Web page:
Now to pivot just a bit.  One of the best books, or series, I have ever read is The Bronze Horseman series by Paullina Simons.  It is set in Russia and opens just as Germany is invading Russia in 1941.  It has many of the elements I love in a story;  History - check, WW II - check, heroes and heroines I can look up to and respect - double check, and it's a great love story.  One of the elements in the series is Tatiana cooking for those she loves, and it is described in such exquisite detail I could almost taste it.  It turns out there is another book, Tatiana's Table, that has most of the recipes described in the books as well as more of the story of Tatiana and Alexander.  It is also out of print and ridiculously expensive used.  I have become friends with a great group of people through the Outlander series here, and Peggy let me borrow her copy of the book.  Superbowl weekend we ate Russian here... Borscht and Cabbage Pie on Saturday, leftovers and Blinchiki on Sunday.  It was great and I enjoyed reading the book, but I left on my trip before I could finish it.  I offered to send it back to Peggy but she said it could wait till I got back, so I decided to take it on a little adventure.

This was in India... I know, it could be any hotel window with palm trees, but the trip was very rushed and I didn't have an easy way to take it with me.

This was in Beijing... I know, it could be any high rise hotel with a dirty window... I guess I need to give more evidence.

Me and the book on the Great Wall.  From where we parked pretty much 35 minutes walking UPSTAIRS to the wall.   But what a view... truly amazing.

 Me and the book in the Forbidden City.  I'd walked around it before (Holy crap that's a long walk!) and been through the part you didn't have to pay for, this was my first time inside.

So thank you Peggy!  I got to finish reading the book, it got to see some sites, and log a lot of air miles.  I will get it back soon, I promise!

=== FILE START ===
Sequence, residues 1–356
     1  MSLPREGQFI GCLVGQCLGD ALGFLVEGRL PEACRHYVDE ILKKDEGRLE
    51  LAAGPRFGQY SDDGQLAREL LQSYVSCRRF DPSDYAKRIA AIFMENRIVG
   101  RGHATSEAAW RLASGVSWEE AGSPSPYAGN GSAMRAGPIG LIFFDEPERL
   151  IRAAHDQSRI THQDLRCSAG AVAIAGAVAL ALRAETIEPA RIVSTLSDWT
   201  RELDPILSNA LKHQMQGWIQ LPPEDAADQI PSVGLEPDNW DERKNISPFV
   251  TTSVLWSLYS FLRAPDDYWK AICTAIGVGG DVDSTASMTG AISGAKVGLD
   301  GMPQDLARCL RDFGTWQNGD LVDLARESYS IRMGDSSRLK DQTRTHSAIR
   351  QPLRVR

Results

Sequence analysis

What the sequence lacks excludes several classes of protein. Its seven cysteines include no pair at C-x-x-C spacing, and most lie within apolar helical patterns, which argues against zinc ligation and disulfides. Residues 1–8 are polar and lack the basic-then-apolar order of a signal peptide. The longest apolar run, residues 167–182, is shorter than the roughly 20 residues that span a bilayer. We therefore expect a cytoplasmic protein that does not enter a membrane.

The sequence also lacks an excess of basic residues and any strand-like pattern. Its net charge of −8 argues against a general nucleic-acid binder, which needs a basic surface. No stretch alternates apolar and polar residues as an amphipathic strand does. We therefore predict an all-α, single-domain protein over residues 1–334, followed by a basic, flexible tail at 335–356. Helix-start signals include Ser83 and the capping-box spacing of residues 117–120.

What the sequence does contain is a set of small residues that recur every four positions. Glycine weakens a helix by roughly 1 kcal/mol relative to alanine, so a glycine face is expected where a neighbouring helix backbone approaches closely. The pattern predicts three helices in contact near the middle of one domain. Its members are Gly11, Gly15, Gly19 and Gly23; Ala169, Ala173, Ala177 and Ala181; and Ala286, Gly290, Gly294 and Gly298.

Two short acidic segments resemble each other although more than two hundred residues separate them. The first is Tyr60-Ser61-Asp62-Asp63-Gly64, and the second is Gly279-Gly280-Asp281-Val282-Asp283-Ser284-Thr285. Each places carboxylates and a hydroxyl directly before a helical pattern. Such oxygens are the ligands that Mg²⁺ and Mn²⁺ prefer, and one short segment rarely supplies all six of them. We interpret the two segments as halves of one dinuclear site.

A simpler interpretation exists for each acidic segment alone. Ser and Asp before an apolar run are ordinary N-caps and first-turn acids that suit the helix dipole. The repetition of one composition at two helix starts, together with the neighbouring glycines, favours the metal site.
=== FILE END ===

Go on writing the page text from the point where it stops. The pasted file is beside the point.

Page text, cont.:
1. Great post. Although I've heard all these stories before, I still enjoy reading them. But what about eating frozen fish right out of the ocean and waking up naked on the tanning bed? Different trip? Looking forward to that post . . .

  2. CLAY!!!!! That is so awesome! I love that you took it with you on a little adventure and that you and Georgie made some of the recipes! You are very welcome! So glad you enjoyed it.


  3. Georgie... Shhhhh. That was this same trip with a couple of notable differences. The fish was from a local lake and was frozen in the snow, and I was NOT naked on the tanning bed, I had a sheet wrapped around me. Details at some future date.

  4. What a fantastic post. I bet Paullina would love to read it. Perhaps a little bird might whisper in her ear...


  5. Great post Clay! And very timely as I just started and finished The Bronze Horseman over the weekend! I could not put it down and my brain is still spinning. I can't get Tatiana and Alexander out of my head! I can't wait to start Tatiana and Alexander!

  6. Wait, wait, wait! Hold the presses!! I'm intrigued...

    They have tanning beds in Russia???



    1. Yes Christie there are... more on that in the future...

  7. Bring vodka to Indy -- enough to get you to tell us the tanning bed story... or at least enough to get George to tell it!


  8. Jill... I'm petty sure you've heard it. But I'll tell that one, no vodka required! But i'll bring some any way.